What’s changed in the last few years, and people are not picking up on, is that we’ve got the satellite data to prove that this is happening. Several different data sets, the Normalised Difference Vegetation Index is one of them, showing that we’ve got a greening occurring in all ecosystems on the planet, in the Amazon rainforest, in the Sahel semi-desert etc. etc. We’ve got greener vegetation as a result of CO2. Now some of it is explained by other things, agricultural fertiliser, more moisture and so on, but there is now no doubt that you can say that we’ve got about 11% more green vegetation on the planet than 30 years ago, much of which is down to the CO2 fertilisation effect.

RH:         I think it’s fair to say that that has not been sufficiently trumpeted, in the media in particular, the positive benefits of CO2, but when I saw that quote,  I assumed you’d taken the 2 Celsius doing no net harm, actually doing net good, I assumed that you’d taken that from Richard Tol, who’s very prominent in this field, the economist.

               We spoke to him a few days ago and he said that he believes that things will start turning negative from 1.1 Celsius above pre-industrial, and we’re almost at that now.

MR:        Well, he may say that now. He was saying something different a while ago, but there are other studies out there, as you say there’s uncertainty here. Given the capacity of human beings to adapt, to be able to get the good out of something while not suffering the bad, because of the way they change their behaviour, it’s easily possible it might be higher than 2°. These are very inexact sciences.

RH:         Well it rather depends where you live, doesn’t it, and how well developed your country is and rich you are or how poor you are, how susceptible you are to sea level rise, all those things, the distributional effects are massive, aren’t they?

MR:        Absolutely, and that of course is the key point, is that the reason the number of deaths in the world from droughts, floods and storms is 93% lower than it was in the 1920s is not because the climate’s got less dangerous in that time; droughts, floods and storms are probably just as common as they were then. It’s because people got richer, they got better sheltered, better transport, better communication, all these kind of things. So when a hurricane hits a really poor country like Burma, it kills far more people than when it hits a relatively wealthy country like India or Mexico. And so that’s what we need to be doing, to protect people against weather, whether it’s getting worse or not, we need to be helping them get richer, so that’s the crucial point is are we focussing on the wrong thing? Are we trying to stop some tiny increase in the probability of a hurricane hitting you, or are we trying to stop you dying when a hurricane does hit you?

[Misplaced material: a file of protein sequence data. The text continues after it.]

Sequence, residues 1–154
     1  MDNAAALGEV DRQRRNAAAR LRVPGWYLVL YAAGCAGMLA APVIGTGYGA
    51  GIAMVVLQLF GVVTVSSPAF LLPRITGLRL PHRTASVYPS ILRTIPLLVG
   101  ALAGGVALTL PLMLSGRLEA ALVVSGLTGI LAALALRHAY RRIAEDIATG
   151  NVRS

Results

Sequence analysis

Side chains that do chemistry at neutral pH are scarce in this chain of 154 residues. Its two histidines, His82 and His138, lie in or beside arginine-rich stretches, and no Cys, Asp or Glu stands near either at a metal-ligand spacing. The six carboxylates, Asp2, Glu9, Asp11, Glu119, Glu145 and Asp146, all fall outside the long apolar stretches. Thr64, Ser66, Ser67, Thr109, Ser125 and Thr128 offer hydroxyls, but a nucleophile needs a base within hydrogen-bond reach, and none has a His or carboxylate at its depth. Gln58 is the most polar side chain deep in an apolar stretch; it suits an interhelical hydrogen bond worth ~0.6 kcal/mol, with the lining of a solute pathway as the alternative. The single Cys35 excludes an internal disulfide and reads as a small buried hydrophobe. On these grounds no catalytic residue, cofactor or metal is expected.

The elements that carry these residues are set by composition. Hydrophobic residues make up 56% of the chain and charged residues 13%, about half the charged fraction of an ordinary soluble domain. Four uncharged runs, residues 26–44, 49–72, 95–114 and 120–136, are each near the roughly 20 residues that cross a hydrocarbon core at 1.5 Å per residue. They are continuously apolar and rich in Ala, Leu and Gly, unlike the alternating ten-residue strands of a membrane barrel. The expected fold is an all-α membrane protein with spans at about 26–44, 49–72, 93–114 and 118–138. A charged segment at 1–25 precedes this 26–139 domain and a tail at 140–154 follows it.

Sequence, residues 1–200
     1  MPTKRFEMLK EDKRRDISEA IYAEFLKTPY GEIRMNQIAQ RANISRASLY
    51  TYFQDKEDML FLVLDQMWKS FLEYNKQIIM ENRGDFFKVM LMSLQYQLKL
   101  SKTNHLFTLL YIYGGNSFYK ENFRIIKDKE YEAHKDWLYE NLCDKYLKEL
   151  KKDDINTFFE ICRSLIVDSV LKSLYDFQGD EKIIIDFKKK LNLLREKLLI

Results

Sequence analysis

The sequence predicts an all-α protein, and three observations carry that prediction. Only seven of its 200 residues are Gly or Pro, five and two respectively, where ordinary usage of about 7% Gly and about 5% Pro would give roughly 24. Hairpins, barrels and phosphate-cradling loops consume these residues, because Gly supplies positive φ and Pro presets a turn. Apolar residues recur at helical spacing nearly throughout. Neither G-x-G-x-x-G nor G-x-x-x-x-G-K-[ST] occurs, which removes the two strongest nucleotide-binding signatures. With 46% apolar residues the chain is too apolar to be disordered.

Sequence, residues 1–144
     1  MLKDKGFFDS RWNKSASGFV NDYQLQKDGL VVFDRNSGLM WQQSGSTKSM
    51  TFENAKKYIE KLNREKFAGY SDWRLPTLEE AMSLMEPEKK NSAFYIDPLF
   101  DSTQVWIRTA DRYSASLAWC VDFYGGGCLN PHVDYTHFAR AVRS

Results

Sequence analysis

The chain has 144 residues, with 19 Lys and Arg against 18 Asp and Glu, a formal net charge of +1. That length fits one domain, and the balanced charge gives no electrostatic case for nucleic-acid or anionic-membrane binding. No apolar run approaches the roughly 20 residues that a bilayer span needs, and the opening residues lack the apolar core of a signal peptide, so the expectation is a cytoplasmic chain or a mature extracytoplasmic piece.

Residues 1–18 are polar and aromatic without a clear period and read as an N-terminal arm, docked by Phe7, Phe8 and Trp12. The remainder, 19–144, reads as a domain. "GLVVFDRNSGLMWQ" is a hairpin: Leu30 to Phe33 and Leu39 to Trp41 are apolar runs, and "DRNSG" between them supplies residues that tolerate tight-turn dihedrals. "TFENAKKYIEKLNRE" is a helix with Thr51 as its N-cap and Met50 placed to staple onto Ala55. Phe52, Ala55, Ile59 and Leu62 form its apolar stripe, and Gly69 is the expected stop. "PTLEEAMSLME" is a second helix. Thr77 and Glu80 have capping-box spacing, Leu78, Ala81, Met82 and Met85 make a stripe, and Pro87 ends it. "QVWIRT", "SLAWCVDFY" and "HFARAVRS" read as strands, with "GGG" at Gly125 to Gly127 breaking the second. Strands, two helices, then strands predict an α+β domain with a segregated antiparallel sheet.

RH:         And here you would make your argument for coal?

MR:        Well, no, I’m not making an argument specifically for coal.

RH:         You said earlier on you wanted to make an argument for coal.

MR:        Well the point about coal is that it has produced enormous improvement in human living standards, and not just coal, same with oil, same with gas, same with all three fossil fuels. The improvement that they have done to human life is spectacular, but not just to human life, to the planet as well. And people somehow think that fossil fuels are evil, but just look at what they’ve done! They’ve stopped us cutting down forests. If Britain hadn’t shifted to coal we’d have deforested this country very quickly. As it is we’re reforesting this country very rapidly at the moment. Oil has stopped us killing whales, whales and penguin populations plummeted. The advent of kerosene is what killed the US whaling industry in the nineteenth century. The whaling industry came back in the twentieth century, but again it went away because basically there’s no need to use animals for energy, which is what we were doing.